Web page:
The Chelsea players must have known what Jose Mourinho thought of their recent performances, of being in the bottom half of the table, of 14 goals conceded from seven Premier League games. Mourinho himself said publicly on Monday that the squad had an attitude problem and needed to be more consistent.
And yet last night in Porto, Chelsea showed the same old defensive sloppiness that is preventing them for generating any momentum this season. Chelsea lost 2-1 to a good Porto side. The first goal coming from yet another individual mistake from Branislav Ivanovic, who is struggling to keep his head above water this season. Of all the embarrassments he has undergone this season, last night, courtesy of Yacine Brahimi, was close to the worst. Brahimi beat Ivanovic to create the first goal, and on another night he might have been responsible for another two or three.
Porto’s second, at the start of the second half, was even more infuriating, as Chelsea switched off again from a simple set piece. It was not a remarkable run or header that beat Chelsea, but it was the second goal from a corner Chelsea conceded in four days. They came with the intention of defending well, but lacked the 90-minute concentration to do so.
Mourinho came back to Porto, the club where he made his name, to match the hosts for organisation and athleticism. But his players are simply not defending well enough for Mourinho’s plans, which put defensive organisation ahead of everything else, to work. October starts on Thursday and yet this 2015-16 Chelsea side still does not look like a Mourinho team.
While Chelsea had chances to draw 2-2, once Eden Hazard and Nemanja Matic were redeemed from the bench, the fact is that Porto had far more to go 3-1 up. Had they done so it would have been a fairer reflection on the balance of play. Chelsea will surely still qualify from Group G. Mourinho said beforehand this would be their hardest game. But they are not looking much better, despite Mourinho’s very public haranguing.
After castigating his players in public on Monday, Mourinho had no option last night but to make changes. Having questioned the “motivation, desire and commitment” of some of the squad, Eden Hazard and Nemanja Matic, two of their best last season, were on the bench. So was John Terry, who must have wondered how this defence is thought to be better off without him. Oscar, Loic Remy and Falcao did not even make it as far as the match-day squad.
Mourinho predicted a game of physical intensity, and so he partnered Ramires and Jon Obi Mikel – two of his less fashionable players – in central midfield. With Willian and Pedro working hard down the flanks, Chelsea had the players to dig in and hit Porto on the break.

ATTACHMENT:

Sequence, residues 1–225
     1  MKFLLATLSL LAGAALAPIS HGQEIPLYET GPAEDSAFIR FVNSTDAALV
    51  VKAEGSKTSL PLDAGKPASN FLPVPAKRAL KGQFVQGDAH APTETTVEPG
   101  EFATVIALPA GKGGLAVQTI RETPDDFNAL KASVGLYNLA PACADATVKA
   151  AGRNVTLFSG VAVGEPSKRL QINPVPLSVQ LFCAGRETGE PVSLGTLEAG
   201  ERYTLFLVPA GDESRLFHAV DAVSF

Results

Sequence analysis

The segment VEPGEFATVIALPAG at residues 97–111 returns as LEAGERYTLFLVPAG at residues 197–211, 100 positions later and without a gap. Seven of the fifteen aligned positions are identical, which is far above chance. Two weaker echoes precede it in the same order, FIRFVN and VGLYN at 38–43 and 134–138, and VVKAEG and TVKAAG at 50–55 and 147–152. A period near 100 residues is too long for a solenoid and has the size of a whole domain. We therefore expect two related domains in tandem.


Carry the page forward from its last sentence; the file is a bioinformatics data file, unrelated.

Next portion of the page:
It was the right plan, but his players could not execute it. They even had an early threat on the counter-attack. One Diego Costa break down the left set up Cesc Fabregas, who forced a sharp save from Mourinho’s old friend Iker Casillas. The next move was even better, Costa to Willian to Pedro, whose shot Casillas turned away from the bottom corner.
The problem for Chelsea is that a defence is only as strong as its weakest link. Branislav Ivanovic was fortunate to be spared the axe last night, and this performance was in the same vein as all of his other struggles. It was Ivanovic’s mistake which helped Porto into the lead. Yacine Brahimi danced in from the left, and skipped past Ivanovic. Asmir Begovic did well to turn Brahimi’s shot away, but Andre Andre was there to volley in the rebound. Begovic got a hand to it but could not keep it out.
Chelsea needed a response. It came with a spectacular equaliser from the final kick of the first half. Ramires drew a foul from Danilo 25 yards out from goal, slightly to the left. Willian took the free-kick and curled it around the wall – where Chelsea had stationed players – and into the far corner of Casillas’ net. He did not move as the ball flashed past him.
That goal might have drained Porto’s intensity, but it did not. They started the second half even quicker and sharper, still confident in the knowledge that Brahimi could do as he pleased with Ivanovic. The Algerian winger attacked again down the left, skipping past Ivanovic, holding off Fabregas and forcing a corner off Kurt Zouma. Ruben Neves whipped the ball in and Maicon darted towards the near post, in front of Ramires. Maicon’s glancing header was enough to divert the ball between Begovic and his near post.
Porto sensed Chelsea’s weakness and continued to push. Vincent Aboubakar, their imposing centre-forward, curled a subtle pass across to Brahimi on the left. He shot for the bottom corner. This time Ivanovic managed to get in the way.
Mourinho knew his team needed more. Hazard came on for Jon Obi Mikel, replacing what security Chelsea nominally had with some more fizz up front. But no Mikel in midfield gave more space to Porto, and Imbula started to find his range. He forced another save from Begovic before a remarkable passage in which Brahimi flashed one ball across the box, Imbula had a shot deflected over, Aboubakar had another blocked by Cahill and Brahimi, in yet again, forced Begovic to save from close range.
Porto’s third felt imminent, Chelsea needed more legs. Mourinho threw on Nemanja Matic and Kenedy, but numbers alone were not enough to fix the breakdown in Chelsea’s marking. Again, they were disorganised from a corner. Miguel Layun, on loan from Watford, swung it in and Danilo’s header thumped the far post.
Chelsea managed to cause chaos in the box in the final minutes, in their desperate pursuit of an equaliser. They thought they had a good case for handball, and Diego Costa shot wide with the final action of the game. Chelsea looked better with him back in the side, but strikers are far from their biggest problem.